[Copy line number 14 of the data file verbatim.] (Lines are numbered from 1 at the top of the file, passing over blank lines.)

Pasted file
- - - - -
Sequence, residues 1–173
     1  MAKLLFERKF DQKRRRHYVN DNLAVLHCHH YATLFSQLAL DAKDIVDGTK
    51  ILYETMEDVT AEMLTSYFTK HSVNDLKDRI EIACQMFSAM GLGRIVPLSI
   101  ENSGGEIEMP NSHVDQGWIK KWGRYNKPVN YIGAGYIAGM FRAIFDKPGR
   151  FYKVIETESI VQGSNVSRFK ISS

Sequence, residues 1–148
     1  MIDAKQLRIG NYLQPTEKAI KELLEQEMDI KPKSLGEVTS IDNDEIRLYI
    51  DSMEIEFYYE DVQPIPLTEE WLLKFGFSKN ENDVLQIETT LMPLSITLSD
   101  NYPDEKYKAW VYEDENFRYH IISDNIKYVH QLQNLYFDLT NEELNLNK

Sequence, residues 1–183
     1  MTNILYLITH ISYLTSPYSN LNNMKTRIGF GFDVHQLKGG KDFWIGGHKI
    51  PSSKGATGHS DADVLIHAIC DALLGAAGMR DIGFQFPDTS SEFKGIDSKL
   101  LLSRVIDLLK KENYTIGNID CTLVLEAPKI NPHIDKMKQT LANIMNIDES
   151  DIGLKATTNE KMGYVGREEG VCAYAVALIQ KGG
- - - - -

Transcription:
   151  DIGLKATTNE KMGYVGREEG VCAYAVALIQ KGG